A camera’s Dynamic Range (DR) is the range of tones in a scene that can be reproduced with adequate contrast and good signal-to-noise ratio (SNR). Camera DR is often limited by flare light, which is stray light in the image, primarily caused by reflections between lens elements. Flare light reduces DR by fogging images; i.e., washing out detail in dark http://areas.It is the primary reason that the DR of cameras (which include lenses) is poorer than that of image sensors, which can be up to 150dB (30 million:1) for recent HDR (high dynamic range) sensors.
In the past 2 years we’ve learned that flare light in test chart images could, in theory, be mistaken for the image of the test chart, resulting in exaggerated DR measurements. The situation became real in mid-2019, when we started seeing actual images where this error occurred. By studying these images, we have developed techniques to guard against exaggerated Signal-to-Noise Ratio (SNR) measurements caused by flare light. We describe these techniques here.
We recognize that some customers may actually prefer exaggerated measurements because they yield very HDR numbers—sometimes over 120dB—that approach the specifications of HDR sensors and look good in marketing materials. The reduced but realistic DR measurements obtained when the effects of flare light are removed may make some of these customers uncomfortable. We will do our best to deal with their objections.
The effects of flare light
Flare light can be illustrated with an image of the XYLA chart—a precision HDR test chart with a linear configuration—that consists of 21 gray scale patches with Optical Density steps of 0.3. The image is from a low-cost “black box” camera.
The upper cross-section plot, made with the Image Statistics module, is taken at the center of the XYLA image. Flare is most obvious in the image and as a decay in the cross-section plot to the left of the brightest patch.
XYLA image (from the same image; the lower is lightened) and corresponding cross-section plots
The lower cross-section was taken outside (below) the active chart image, which is shown lightened above to make flare light more visible. The variation in pixel level on the right side of the chart (x between 800 and 1600) is caused by flare light diffusing from the brightest patches on the left.
Results of the XYLA image (above) showing strong tone mapping; click image for a full-sized view.
Some notes on this image.
This image has very strong local tone-mapping, leading to an exceptionally low (and not very meaningful) measured gamma of 0.148. The SNR varies in an unusual way because it does not drop monotonically, as it would for a conventional linear image sensor. This indicates that an HDR image sensor with several operating regions was used.
Because the image had significant barrel distortion, region selection was difficult. The Contrast Resolution chart is much easier to use and provides a better indication of system performance in the presence of tone mapping.
If the flare light were any worse, it could easily have been mistaken for a signal from the chart itself, leading to an false DR measurement.
Flare light can be extremely complex. It can add an offset to the image (often called “veiling glare”), which is difficult to distinguish from a black level offset in the image processing pipeline. Most of the time it is largest near bright patches, then decreases with distance from these patches. The rate of decrease is rarely a well-behaved exponential.
Lens reflections are a major cause of medium-range flare light. An uncoated glass surface (index of refraction ≅ 1.5) reflects R = 4% = 0.04 of the light incident on it. (Remember, a sheet of glass or a lens component has two surfaces.)
For each glass surface between the surface and the light source, a fraction R of the primary reflection (R2 of the original incident light) is reflected back to the image sensor. This are called a secondary reflection. Since most lens surfaces are curved, this light will be unfocused; i.e., it will tend to fog a portion of the image.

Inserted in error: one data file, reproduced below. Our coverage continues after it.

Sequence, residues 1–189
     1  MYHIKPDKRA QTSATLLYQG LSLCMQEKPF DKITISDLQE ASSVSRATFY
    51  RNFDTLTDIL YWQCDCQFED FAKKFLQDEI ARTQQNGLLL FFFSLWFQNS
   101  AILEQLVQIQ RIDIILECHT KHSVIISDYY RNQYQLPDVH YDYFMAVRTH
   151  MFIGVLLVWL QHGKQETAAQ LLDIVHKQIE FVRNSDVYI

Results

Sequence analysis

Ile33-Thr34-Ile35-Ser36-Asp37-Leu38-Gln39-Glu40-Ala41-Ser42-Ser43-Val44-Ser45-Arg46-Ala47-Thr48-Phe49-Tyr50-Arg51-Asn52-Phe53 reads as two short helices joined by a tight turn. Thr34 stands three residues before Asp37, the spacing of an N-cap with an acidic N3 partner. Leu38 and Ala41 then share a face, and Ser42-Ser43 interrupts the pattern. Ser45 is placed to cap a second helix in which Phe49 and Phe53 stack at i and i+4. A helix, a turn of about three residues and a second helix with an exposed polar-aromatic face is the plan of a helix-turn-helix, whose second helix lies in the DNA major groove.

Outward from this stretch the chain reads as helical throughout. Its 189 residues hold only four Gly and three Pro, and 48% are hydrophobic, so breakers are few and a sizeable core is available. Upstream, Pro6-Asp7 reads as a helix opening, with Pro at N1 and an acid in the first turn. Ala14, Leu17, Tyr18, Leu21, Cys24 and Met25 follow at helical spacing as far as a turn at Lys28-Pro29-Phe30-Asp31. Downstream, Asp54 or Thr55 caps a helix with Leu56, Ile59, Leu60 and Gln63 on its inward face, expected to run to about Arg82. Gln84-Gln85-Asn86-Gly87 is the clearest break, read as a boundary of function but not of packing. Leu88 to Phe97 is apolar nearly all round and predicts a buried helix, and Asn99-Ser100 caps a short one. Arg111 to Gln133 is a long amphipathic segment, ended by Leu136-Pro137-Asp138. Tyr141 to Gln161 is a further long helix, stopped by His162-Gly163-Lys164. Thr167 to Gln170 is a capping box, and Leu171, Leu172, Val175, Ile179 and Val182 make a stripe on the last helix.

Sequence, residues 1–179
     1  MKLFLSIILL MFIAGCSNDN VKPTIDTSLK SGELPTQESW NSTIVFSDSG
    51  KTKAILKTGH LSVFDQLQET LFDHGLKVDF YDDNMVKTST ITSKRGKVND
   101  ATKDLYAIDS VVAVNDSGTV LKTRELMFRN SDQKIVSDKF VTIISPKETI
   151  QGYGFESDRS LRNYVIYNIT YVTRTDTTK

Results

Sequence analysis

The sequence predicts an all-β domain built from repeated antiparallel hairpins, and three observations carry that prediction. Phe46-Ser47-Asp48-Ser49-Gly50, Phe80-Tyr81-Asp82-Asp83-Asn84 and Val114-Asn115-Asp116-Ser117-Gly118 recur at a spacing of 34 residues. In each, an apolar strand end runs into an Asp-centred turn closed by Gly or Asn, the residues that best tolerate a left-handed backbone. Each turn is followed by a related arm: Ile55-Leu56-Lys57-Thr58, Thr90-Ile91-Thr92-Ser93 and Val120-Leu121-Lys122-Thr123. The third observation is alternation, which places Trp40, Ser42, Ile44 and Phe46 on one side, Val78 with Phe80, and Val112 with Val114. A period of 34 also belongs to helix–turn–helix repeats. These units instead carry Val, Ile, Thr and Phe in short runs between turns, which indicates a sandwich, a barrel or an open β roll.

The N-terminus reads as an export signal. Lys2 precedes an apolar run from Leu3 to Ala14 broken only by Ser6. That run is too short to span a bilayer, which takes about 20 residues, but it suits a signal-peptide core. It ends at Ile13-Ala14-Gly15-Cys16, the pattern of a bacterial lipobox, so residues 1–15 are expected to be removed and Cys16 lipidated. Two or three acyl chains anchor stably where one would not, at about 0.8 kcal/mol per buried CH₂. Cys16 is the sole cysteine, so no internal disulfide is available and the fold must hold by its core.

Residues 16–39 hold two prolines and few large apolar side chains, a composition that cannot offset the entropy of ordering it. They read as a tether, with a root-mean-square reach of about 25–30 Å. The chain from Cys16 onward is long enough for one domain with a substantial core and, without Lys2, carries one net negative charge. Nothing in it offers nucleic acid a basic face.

According to Edmund Optics, the best anti-reflective coatings have R ≅ 0.4% = 0.004 over the visible spectrum (~400-700nm). R = 0.005 may be more realistic for a reasonable range of incident angles. The light reflected back to the sensor from each secondary reflection would be R2 = 0.000025 = 2.5*10-5 = -92 dB (20*log10(R2)). The number of secondary reflections Nsec increases rapidly with the number of components M (groups of elements cemented together, each of which has two air-to-glass surfaces) in a lens: 1 for one component; 6 for two components; 15 for three components; 28 for four components; 45 for five components, etc. For M components,
M = 5 components are typical for high-quality camera phones; M ≥12 components is commonplace for DSLR zoom lenses. Overall, lens flare is less severe than the number of secondary reflections suggests because stray light does not cover the whole image; it decreases with distance from bright regions. It’s easy to see why practical camera DR measurements are limited to around 70-90dB, even when sensor DR is much higher.
Image Statistics cross-section of a Contrast Resolution image for an inferior camera, showing spatially varying flare indicated by red arrows
Because the ISO 18844 flare model does not measure the spatially dependent flare caused by lens reflections, it has limited value in characterizing practical system performance.
Key takeaways—Flare light is predominantly light in dark regions of an image that diffuses from bright regions. This diffused light can be confused with the actual chart signal (especially with linear charts), resulting in exaggerated (overly optimistic) DR measurements. Moreover, increasing flare light (which could result from poorer; i.e., cheaper, lens coatings) decreases the actual DR by fogging shadow areas of the image, but can lead to increased DR measurements. Hence the need to distinguish artifact signals from flare light from real signals from the chart.
Circular test charts
UHDR photographic film chart
The test charts recommended by Imatest for measuring DR are transmissive (i.e., backlit) charts with (approximately) circular patch configurations; i.e., those that are not linear (like the XYLA chart, shown above). The two- or three-layer High Dynamic Range Chart, shown on the right, comes in several versions. Because photographic film charts are not manufactured with consistent patch densities, a reference file is required when these charts are used.
Until recently, most of the DR images we analyzed came from DSLR or mirrorless cameras that had relatively low flare light. The recent images we’ve seen with severe flare light are from inferior cameras. We have not determined exactly why the flare light is so much worse; it might be due to inferior coatings in the multi-element lenses or less baffling in the barrel of the lens.
Here are examples of results from high-quality cameras. Click on the thumbnails below to view full-sized images.